author = "{Van Der Borg}, J.A.M. and M.B.H. Schilder and C.M. Vinke and {De Vries}, Han and Odile Petit",
year = "2015",
doi = "10.1371/journal.pone.0133978",
language = "English",
volume = "10",
journal = "PLoS ONE",
issn = "1932-6203",
publisher = "Public Library of Science",
number = "8",

}

Dominance in domestic dogs : A quantitative analysis of its behavioural measures. / Van Der Borg, J.A.M.; Schilder, M.B.H.; Vinke, C.M.; De Vries, Han; Petit, Odile.

In: PLoS ONE, Vol. 10, No. 8, e0133978, 2015.

Research output: Contribution to journalArticleAcademicpeer-review

TY - JOUR

T1 - Dominance in domestic dogs

T2 - A quantitative analysis of its behavioural measures

AU - Van Der Borg, J.A.M.

AU - Schilder, M.B.H.

AU - Vinke, C.M.

AU - De Vries, Han

AU - Petit, Odile

PY - 2015

Y1 - 2015

N2 - A dominance hierarchy is an important feature of the social organisation of group living animals. Although formal and/or agonistic dominance has been found in captive wolves and free-ranging dogs, applicability of the dominance concept in domestic dogs is highly debated, and quantitative data are scarce. Therefore, we investigated 7 body postures and 24 behaviours in a group of domestic dogs for their suitability as formal status indicators. The results showed that high posture, displayed in most dyadic relationships, and muzzle bite, displayed exclusively by the highest ranking dogs, qualified best as formal dominance indicators. The best formal submission indicator was body tail wag, covering most relationships, and two low postures, covering two-thirds of the relationships. In addition, both mouth lick, as included in Schenkel's active submission, and pass under head qualified as formal submission indicators but were shown almost exclusively towards the highest ranking dogs. Furthermore, a status assessment based on changes in posture displays, i.e., lowering of posture (LoP) into half-low, low, low-on-back or on-back, was the best status indicator for most relationships as it showed good coverage (91% of the dyads), a nearly linear hierarchy (h' = 0.94, p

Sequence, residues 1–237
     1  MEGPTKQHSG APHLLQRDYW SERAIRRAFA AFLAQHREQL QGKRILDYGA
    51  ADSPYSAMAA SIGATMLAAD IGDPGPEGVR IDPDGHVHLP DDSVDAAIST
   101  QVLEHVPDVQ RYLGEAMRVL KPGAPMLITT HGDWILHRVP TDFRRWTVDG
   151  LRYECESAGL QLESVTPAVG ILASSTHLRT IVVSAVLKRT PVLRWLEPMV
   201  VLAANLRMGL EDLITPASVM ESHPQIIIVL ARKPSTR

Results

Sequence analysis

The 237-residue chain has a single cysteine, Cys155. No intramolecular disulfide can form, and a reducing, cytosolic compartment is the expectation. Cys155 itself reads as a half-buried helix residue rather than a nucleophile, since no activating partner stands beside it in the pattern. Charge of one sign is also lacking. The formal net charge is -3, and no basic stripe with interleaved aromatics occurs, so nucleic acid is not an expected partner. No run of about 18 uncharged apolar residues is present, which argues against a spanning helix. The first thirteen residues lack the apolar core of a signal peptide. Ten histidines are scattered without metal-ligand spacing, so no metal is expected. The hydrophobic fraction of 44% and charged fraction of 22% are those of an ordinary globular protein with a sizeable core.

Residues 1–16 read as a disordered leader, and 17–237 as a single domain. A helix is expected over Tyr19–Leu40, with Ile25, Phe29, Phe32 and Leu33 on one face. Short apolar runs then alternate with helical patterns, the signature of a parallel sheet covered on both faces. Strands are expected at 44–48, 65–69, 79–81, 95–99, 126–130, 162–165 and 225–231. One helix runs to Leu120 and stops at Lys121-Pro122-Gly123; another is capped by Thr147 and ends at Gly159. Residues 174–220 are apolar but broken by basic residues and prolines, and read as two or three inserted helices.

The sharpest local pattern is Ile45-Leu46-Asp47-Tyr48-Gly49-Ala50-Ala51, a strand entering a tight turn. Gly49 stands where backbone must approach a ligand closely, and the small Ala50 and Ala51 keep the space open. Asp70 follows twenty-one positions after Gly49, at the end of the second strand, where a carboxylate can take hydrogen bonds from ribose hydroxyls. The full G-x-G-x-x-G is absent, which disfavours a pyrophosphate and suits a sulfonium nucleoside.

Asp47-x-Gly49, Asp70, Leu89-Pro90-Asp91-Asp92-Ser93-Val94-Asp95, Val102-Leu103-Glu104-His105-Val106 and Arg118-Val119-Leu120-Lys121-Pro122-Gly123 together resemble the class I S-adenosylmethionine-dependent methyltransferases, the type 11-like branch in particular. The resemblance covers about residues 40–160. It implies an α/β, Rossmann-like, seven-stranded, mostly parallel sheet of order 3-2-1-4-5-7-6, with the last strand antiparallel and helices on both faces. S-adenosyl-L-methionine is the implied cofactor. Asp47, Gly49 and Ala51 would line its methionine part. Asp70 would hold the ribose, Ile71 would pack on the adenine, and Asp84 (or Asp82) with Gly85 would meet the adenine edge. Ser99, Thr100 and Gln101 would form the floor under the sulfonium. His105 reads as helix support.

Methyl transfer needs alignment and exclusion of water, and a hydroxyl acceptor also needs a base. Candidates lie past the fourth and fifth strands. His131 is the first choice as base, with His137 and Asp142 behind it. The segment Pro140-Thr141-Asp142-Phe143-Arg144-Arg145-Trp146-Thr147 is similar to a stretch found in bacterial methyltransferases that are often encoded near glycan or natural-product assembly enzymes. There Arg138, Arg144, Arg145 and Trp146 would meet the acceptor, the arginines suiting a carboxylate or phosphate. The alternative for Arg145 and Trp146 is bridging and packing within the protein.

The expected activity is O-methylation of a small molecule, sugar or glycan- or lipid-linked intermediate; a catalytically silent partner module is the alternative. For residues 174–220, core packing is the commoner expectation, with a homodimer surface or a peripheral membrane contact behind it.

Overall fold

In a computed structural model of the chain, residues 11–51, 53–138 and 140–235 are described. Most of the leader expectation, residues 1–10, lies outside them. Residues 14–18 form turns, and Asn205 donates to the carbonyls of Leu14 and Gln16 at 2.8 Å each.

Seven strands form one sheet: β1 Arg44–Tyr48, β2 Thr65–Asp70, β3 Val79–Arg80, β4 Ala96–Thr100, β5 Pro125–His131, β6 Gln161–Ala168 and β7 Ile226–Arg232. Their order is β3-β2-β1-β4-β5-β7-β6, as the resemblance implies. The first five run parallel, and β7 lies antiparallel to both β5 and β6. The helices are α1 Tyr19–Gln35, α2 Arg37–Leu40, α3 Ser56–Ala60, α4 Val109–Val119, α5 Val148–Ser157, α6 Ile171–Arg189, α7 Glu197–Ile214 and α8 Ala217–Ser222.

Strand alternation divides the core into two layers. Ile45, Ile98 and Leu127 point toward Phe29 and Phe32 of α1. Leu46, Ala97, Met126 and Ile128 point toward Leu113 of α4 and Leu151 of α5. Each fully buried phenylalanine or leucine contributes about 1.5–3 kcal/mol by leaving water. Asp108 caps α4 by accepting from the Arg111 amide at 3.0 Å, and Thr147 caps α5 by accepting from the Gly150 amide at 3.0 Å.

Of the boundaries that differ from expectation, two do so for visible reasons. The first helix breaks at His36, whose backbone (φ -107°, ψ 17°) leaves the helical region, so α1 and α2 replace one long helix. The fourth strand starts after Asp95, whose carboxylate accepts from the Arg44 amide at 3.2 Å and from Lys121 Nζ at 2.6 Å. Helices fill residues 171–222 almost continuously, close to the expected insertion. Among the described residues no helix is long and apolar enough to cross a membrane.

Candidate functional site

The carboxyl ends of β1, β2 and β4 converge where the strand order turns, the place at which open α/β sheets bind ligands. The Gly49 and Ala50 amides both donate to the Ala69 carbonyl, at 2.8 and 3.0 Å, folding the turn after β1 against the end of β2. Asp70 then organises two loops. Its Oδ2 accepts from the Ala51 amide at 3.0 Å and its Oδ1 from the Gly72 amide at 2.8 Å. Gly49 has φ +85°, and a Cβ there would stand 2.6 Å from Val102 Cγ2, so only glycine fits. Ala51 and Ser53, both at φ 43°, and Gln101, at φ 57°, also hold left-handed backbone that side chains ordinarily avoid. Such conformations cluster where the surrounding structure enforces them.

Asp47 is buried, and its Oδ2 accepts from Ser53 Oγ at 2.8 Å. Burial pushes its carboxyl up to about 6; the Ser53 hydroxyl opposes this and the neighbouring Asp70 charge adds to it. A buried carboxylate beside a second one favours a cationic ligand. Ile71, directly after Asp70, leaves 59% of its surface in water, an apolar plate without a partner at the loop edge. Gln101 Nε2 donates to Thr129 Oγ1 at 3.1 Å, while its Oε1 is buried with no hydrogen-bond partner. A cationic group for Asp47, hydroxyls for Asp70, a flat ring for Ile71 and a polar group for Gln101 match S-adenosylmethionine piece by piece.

AB - A dominance hierarchy is an important feature of the social organisation of group living animals. Although formal and/or agonistic dominance has been found in captive wolves and free-ranging dogs, applicability of the dominance concept in domestic dogs is highly debated, and quantitative data are scarce. Therefore, we investigated 7 body postures and 24 behaviours in a group of domestic dogs for their suitability as formal status indicators. The results showed that high posture, displayed in most dyadic relationships, and muzzle bite, displayed exclusively by the highest ranking dogs, qualified best as formal dominance indicators. The best formal submission indicator was body tail wag, covering most relationships, and two low postures, covering two-thirds of the relationships. In addition, both mouth lick, as included in Schenkel's active submission, and pass under head qualified as formal submission indicators but were shown almost exclusively towards the highest ranking dogs. Furthermore, a status assessment based on changes in posture displays, i.e., lowering of posture (LoP) into half-low, low, low-on-back or on-back, was the best status indicator for most relationships as it showed good coverage (91% of the dyads), a nearly linear hierarchy (h' = 0.94, p

U2 - 10.1371/journal.pone.0133978

DO - 10.1371/journal.pone.0133978

M3 - Article

VL - 10

JO - PLoS ONE

JF - PLoS ONE

SN - 1932-6203

IS - 8

M1 - e0133978

ER -